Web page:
These mini-delaminations are uncannily similar to delaminations at Aker. In Part 51, it was shown that a long, angular feature (annotated mauve in that part) had delaminated either side of the rotation plane at Aker. So it delaminated, north and south because the tensile forces of stretch turn north-south as they round the flattened long-axis tips. Between the main Aker delaminations we see mini-delaminations that are virtually identical to the ones we see here at Bes. The Aker ones are in fact neater and more obvious. However, the Part 51 photos don’t do them justice even though they are visible. I may try and find a suitable OSIRIS close-up of them and add it here in due course. 
Photo 7- same as photo 6 but with the southern perimeter of the first green slide shown. Also, two yellow triangles and their slide track. 
Notice how in photo 7, the first green slide perimeter is contiguous with the first Bes delamination. This is why the Bes delaminations affect the first green slide. The northern first green slide perimeter is just out of sight behind a ridge due to the low profile view. However, the first green slide is one of the the 17 paleo rotation plane signatures and has been presented as such on the Paleo Rotation Plane Adjustment page. It’s called the green triangle on that page. It’s an isosceles triangle, straddling the paleo rotation plane/equator and has the all-important ‘finger’ at its height vertex. The green slide was also presented in Part 42, as mentioned above, but that rendition is somewhat inaccurate, or rather, what’s shown is accurate but it doesn’t show the full perimeter of the layer that slid. In other words, it doesn’t include the full green triangle that constitutes both the first green slide and the paleo plane signature as one and the same triangular chunk of crust. This correction is simply due to studying the comet for a further 9 months since Part 42. 
Photo 8- The header overview reproduced with its  original.
Photo 9- long-distance view including the head lobe. The delaminations aren’t as accurately shown here as in above closer views because of overexposure of the actual features. The first green slide triangle adjoins the first Bes delamination. You may be able to make it out.

Copyright ESA/Rosetta/NAVCAM – CC BY-SA IGO 3.0
To view a copy of this licence please visit:
All dotted annotations by A. Cooper. 

Part 74- Temporal Morphological Changes in the Hapi/Ripples Region of 67P/Churyumov-Gerasimenko Cast Doubt on Aeolian Dune Theory

The photo below is the original for the above. This is a control photo used to show the area before the near-perihelion changes took place. It’s from Thomas et al. 2015 and was taken well before perihelion. The annotations therefore show future changes in this area.

All photos below have this credit as well.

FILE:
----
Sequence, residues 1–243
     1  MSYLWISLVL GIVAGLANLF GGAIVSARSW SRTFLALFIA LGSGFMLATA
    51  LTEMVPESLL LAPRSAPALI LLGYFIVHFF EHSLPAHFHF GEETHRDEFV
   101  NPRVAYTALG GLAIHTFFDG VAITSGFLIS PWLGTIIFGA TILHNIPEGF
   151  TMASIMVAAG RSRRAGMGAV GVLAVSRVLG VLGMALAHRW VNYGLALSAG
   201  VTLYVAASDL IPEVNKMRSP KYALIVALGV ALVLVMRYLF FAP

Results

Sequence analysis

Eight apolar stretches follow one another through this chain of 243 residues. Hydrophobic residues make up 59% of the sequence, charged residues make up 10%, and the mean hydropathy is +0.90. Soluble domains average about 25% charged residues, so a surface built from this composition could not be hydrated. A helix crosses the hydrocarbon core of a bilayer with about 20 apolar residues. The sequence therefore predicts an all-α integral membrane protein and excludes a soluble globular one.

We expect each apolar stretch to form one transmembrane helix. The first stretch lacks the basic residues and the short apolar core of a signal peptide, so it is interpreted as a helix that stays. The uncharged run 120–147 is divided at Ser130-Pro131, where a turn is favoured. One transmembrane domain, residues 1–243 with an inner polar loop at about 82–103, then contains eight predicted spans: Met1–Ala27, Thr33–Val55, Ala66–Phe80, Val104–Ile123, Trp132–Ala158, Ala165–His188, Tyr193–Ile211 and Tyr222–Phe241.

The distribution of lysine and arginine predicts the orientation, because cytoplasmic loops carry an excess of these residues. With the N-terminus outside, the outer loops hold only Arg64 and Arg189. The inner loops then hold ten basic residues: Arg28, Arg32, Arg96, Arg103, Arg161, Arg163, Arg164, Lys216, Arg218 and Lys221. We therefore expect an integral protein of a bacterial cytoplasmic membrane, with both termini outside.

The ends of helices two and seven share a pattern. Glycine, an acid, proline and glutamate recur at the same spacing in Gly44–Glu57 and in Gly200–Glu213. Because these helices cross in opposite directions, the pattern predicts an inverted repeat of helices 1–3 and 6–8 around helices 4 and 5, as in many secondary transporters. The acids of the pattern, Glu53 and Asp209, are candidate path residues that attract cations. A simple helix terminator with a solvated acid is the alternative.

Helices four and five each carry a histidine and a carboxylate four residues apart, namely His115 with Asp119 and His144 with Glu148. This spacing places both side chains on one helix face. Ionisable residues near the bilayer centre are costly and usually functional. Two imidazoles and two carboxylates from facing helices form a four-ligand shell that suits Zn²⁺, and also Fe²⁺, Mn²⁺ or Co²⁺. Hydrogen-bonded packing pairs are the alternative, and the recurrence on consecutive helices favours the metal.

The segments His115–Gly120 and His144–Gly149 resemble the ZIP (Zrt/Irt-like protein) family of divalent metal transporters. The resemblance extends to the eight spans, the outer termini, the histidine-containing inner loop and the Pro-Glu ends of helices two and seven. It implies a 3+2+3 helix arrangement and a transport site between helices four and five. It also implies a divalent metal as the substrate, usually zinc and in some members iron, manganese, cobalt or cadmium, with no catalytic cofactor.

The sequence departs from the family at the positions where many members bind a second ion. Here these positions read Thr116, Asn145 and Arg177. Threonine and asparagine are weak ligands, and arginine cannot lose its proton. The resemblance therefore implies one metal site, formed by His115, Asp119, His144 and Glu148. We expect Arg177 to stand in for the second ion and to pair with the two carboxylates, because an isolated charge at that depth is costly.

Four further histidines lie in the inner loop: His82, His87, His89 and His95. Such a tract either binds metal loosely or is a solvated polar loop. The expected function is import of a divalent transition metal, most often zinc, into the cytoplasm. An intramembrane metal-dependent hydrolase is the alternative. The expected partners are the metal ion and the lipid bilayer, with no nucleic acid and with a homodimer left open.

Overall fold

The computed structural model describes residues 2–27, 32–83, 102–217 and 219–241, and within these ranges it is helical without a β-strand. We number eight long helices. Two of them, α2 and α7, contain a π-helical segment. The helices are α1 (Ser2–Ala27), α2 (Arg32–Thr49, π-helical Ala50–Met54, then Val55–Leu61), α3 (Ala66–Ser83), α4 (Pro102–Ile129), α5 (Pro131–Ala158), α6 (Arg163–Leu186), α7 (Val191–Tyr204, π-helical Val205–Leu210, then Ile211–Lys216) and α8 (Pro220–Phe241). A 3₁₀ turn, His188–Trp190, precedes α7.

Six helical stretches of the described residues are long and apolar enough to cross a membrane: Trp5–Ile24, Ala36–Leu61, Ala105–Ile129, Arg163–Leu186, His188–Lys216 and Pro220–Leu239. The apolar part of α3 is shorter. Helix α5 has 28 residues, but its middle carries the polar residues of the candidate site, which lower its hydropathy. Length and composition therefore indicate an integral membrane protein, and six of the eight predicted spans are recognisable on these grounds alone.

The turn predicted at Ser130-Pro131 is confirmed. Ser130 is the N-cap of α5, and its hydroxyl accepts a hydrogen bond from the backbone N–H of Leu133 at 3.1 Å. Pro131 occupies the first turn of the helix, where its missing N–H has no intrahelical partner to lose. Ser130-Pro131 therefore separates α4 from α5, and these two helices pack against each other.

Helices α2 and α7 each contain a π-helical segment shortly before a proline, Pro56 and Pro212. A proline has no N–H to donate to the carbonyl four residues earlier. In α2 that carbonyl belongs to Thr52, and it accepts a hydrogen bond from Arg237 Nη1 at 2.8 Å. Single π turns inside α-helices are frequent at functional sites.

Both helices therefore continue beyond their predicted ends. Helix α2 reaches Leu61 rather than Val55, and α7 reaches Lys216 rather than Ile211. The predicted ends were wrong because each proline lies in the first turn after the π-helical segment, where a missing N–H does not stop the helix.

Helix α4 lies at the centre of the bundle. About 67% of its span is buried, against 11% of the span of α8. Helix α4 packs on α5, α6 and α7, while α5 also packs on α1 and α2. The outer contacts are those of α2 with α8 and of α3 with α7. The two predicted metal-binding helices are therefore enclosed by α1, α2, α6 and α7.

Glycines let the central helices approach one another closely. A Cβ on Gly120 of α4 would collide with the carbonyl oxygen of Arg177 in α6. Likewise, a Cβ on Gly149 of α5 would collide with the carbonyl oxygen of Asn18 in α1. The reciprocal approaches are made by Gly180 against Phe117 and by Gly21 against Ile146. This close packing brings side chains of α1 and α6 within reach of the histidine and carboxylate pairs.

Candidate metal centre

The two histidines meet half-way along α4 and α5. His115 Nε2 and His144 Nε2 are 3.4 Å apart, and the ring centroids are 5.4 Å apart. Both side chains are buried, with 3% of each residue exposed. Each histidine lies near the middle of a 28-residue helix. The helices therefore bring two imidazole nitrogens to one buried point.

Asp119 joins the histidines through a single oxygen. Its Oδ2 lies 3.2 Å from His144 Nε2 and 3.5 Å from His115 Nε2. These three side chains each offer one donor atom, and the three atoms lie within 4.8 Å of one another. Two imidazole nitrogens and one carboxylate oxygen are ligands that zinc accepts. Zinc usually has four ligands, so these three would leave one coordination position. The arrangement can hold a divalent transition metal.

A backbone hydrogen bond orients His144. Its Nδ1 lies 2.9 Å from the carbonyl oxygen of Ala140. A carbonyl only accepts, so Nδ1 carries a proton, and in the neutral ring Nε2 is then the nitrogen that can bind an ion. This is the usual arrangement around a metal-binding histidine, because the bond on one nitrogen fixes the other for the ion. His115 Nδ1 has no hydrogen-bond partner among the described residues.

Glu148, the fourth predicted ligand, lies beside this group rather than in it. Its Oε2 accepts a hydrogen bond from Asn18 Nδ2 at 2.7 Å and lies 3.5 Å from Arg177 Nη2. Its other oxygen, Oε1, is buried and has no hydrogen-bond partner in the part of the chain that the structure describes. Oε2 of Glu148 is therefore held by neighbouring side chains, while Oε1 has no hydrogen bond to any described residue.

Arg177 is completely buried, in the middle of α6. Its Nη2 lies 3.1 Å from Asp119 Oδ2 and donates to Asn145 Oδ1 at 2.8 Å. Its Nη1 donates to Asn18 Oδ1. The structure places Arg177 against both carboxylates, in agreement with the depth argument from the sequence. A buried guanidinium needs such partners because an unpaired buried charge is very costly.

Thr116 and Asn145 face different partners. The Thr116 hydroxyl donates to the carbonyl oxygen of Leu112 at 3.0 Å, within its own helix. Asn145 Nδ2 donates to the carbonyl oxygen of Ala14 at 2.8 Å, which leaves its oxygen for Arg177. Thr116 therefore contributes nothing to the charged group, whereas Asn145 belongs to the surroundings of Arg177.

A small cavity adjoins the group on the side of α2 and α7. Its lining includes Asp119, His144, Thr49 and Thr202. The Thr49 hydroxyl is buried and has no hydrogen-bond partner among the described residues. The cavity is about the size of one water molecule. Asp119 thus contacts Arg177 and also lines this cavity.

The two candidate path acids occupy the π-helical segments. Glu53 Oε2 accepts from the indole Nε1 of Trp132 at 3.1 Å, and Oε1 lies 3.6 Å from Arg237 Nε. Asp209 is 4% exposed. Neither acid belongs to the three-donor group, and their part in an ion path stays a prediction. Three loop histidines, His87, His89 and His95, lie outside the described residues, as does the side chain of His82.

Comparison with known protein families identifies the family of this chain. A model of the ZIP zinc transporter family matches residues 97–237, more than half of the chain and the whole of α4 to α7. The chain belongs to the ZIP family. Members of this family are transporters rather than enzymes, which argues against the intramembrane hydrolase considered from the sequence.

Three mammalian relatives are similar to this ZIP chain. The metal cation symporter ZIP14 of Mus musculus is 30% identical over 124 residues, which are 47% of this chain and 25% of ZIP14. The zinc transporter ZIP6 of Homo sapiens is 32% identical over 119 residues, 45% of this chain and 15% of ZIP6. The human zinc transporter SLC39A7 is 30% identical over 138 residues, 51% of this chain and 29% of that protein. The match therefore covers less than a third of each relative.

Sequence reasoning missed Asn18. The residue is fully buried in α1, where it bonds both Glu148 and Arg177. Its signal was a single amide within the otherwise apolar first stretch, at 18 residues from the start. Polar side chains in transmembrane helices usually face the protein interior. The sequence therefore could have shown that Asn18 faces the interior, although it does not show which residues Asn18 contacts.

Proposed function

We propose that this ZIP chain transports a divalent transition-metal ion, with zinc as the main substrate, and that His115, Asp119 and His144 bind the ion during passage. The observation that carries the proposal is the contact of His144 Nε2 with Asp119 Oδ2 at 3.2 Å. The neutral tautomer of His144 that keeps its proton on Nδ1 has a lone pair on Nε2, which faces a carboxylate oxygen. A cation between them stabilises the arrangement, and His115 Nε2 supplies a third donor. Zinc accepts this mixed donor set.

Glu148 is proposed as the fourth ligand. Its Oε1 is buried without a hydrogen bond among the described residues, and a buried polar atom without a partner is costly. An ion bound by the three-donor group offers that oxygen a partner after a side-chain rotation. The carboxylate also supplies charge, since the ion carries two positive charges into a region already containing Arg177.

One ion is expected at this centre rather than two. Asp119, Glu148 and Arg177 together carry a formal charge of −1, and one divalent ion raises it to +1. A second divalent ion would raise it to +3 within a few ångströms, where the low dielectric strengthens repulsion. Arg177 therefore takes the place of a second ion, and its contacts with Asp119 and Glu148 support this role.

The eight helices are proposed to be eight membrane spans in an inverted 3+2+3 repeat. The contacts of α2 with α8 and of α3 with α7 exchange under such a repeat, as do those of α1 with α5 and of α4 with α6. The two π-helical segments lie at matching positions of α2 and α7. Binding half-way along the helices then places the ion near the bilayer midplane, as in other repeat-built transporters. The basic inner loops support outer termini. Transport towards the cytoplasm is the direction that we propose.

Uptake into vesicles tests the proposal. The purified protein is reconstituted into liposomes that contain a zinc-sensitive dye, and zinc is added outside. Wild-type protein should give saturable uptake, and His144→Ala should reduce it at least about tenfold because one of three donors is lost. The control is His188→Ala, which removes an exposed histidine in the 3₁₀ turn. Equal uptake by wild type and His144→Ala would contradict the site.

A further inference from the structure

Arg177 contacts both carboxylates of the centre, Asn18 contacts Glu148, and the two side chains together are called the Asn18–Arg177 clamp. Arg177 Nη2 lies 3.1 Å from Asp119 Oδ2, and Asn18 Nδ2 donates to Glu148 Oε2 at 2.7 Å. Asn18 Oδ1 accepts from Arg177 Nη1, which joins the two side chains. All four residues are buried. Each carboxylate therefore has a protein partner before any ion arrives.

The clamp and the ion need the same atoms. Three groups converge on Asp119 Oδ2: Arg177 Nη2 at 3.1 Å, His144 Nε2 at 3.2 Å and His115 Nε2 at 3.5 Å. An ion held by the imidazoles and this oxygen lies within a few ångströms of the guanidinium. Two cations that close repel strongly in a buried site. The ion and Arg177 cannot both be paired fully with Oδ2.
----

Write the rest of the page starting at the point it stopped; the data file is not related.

The header photos show  one particular stage in the progress of the morphological changes in the Hapi region that occurred between 15th April 2015 and 27th February 2016. 
The morphological changes proceeded in a manner that was in keeping with the changes that commenced at Imhotep some six weeks later and lasted for at least six more weeks. The Imhotep changes were documented in Groussin et al. 2015. 
The changes continued before and after the April 25th photo above. Below is a longer, 21-photo chronology. More commentary will be posted later. 

The January 17th 2016 photo was used in Jia et al. 2017. That paper argued that the vestigial scarp-like features are dunes. The largest supposed dune is in fact the final resting place of the large scarp in the April 25th photo above. It is not a dune. 
The dune theory will now have to argue that two successive pits of ~5m depth appearing in the middle of the ripples and eroding across them can be reconciled with gentle transverse winds propagating the supposed dunes ten metres in the opposite direction to the erosion and at the same time. 


Photos have annotations as follows:

Red- fiduciary points. They’re the two ends of the cliff that the ripples kiss. They’re almost exactly 100m apart. 

Light blue- fiduciary points. These are four recognisable boulders that  enclose the area of most interest. But look for major subsidence of the same nature in the adjoining area too. That area is always shown. Its very obvious dips appear and grow just like in the ripples area. This suggests subsidence/erosion is the driving mechanism over this entire area, not aeolian dune migration. 
Text annotations:

The date of the photo.

‘+[a number]’: days since last photo in the sequence. This helps understand the changes/rate of propagation.

MTP number/Photo number.

28th March shows first definitive changes. There were possible smaller changes from March 15th (not included here).


Part 73A- Erosion in The Anubis Region on Comet 67P/Churyumov-Gerasimenko During Perihelion 2015. 

Copyright ESA/Rosetta/NAVCAM – CC BY-SA IGO 3.0/A.COOPER

The gif above is composed of the two stills below it. The first still was taken by the Rosetta orbiter navigation camera (NAVCAM) several months before the perihelion of comet 67P in August 2015. The black area on this photo is due to swivelling the frame to align it for the gif. This was coloured grey in the gif to reduce distraction. 

The second still was taken several months after perihelion. You can see that the flat-bottomed depression has grown over the course of perihelion. 

The third photo is an image taken by the NAVCAM on arrival at 67P in August 2014. It’s presented here as a context image with an arrow pointing at the lip of the depression. This would be the bottom lip with respect to the orientation of the gif stills. You can just about see that it’s the pre-perihelion shape.